Caught-in-between, also known as caught-in and caught-between accidents, are among OSHA’s fatal four. Its dangers bring serious to deadly injuries to construction workers. Caught-in-between accidents often occur from unguarded machinery and excavations.
(Editor’s note: This caught-in-between article is the fourth part of the construction accident series. The blog aims to explain OSHA’s “fatal four”. Click this link to read the first part, which is about construction fall accidents. The second part, which explains struck-by accidents, is here. The third part, about electrocution accidents, is on this link.)
Caught-in-between accidents are different from struck-by incidents. Being hit by a flying or falling object result in struck-by injuries. Caught-in-between injuries happen from being crushed between objects and surfaces.
Classification of caught-in-between accidents in construction sites:
- Cave-ins – More than 10% of construction fatalities result from cave-ins or collapsing trenches in Arizona. Just recently, two workers died while working on a home construction site in Phoenix. They were buried in an 8-foot deep excavation after the trench collapsed on them.
- Being pulled into or caught-in – This refers to workers who get caught-in-between the open parts of machines and equipment. Stationary and moving objects may pull clothing and parts of the body and result in strangulation.
Heavy equipment may cause deadly injuries to its operator due to lack of control. A similar incident happened at a construction sand and gravel mine in Maricopa, AZ. A worker died while operating a dragline. The unrestrained machine accidentally moved into a 25ft deep water pit. The resulting force pulled the worker into the engine housing while it submerged into the water.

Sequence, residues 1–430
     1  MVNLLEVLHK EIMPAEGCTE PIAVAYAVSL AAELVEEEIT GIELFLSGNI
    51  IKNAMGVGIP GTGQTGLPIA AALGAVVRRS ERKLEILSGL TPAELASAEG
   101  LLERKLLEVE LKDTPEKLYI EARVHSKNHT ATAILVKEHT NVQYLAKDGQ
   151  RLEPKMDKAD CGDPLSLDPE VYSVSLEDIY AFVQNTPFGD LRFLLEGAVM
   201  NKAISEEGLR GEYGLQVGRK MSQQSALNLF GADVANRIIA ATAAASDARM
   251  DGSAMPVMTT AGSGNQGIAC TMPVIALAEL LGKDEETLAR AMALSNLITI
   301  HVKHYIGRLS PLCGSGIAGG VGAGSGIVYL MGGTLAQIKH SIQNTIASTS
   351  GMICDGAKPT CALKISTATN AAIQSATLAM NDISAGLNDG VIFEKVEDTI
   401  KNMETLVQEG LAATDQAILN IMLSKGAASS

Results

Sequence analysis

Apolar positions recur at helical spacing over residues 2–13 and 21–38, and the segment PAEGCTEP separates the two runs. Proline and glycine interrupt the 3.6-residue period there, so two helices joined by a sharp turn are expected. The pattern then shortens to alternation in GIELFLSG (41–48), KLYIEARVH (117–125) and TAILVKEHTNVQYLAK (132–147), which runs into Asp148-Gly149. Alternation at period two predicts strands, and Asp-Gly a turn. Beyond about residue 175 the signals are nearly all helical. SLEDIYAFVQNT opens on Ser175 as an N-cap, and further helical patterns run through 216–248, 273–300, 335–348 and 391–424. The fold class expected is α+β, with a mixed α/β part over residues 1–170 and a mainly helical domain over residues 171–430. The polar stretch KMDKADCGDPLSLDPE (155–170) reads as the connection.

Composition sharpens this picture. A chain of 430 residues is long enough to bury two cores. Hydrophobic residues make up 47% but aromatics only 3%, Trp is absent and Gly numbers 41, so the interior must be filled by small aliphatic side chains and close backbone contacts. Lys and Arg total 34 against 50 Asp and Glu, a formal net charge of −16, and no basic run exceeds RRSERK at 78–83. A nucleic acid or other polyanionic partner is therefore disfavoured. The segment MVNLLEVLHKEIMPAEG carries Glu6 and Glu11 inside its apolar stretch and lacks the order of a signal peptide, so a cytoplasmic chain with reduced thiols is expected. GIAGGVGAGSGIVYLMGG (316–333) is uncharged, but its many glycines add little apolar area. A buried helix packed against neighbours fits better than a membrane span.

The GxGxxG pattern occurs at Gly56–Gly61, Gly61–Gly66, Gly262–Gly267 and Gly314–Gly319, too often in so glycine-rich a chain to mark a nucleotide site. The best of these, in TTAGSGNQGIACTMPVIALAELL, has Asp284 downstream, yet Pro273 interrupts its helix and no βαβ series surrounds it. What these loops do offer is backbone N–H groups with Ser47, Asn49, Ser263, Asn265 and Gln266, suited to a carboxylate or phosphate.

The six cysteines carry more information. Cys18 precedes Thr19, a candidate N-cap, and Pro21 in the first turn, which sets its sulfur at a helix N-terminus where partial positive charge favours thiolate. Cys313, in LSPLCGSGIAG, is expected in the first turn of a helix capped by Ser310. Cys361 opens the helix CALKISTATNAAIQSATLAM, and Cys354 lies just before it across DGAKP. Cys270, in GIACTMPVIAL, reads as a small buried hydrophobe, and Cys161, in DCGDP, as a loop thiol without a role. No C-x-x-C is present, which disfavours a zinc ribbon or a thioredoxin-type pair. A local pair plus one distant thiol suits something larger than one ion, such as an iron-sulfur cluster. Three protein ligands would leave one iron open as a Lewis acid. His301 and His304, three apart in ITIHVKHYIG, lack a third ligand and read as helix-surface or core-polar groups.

- Being compressed or crushed – Workers can be trapped and crushed by dock walls or truck frames. Trailers and hydraulic beds that roll, slide, and shift can cause deadly injuries. This happens when a worker is caught-in-between these objects.
An incident that happened in Gilbert, AZ last 2019 is an unfortunate example. According to the news, a construction worker was caught-in-between a cement mortar mixer and a post of cement silo. As a result, it accidentally pinned him down and instantly killed him.
Caught-in-between Hazards and Violations
- Caught-in-between accidents due to cave-in
According to safety experts, excavation violations are among the top causes of citations against construction companies. OSHA data shows how contractors ignored trench safety that resulted in caught-in-between accidents:
- 67% failed to provide trench protection
- 34% failed to provide proper entrance and exit points such as ladders and other means
- 28% placed spoils that were too close to their trenches. This is where rock and dirt could cave in and bury workers below.
- 26% failed to conduct daily inspections of their excavations
- 9% did not designate a competent person to protect workers from potential cave-ins
- 4% accumulated water hazards in their trenches
Note that construction companies may have multiple violations. Thus, the percentages above will add up to more than 100%.
- Being pulled into or caught-in hazards
Monitor the use of tools and equipment. Dangerous working conditions result in caught-in-between accidents. Because most construction sites need machinery with moving and rotating parts, accidents could lead to amputations and worse, death.
- Being compressed, caught between, or crushed violations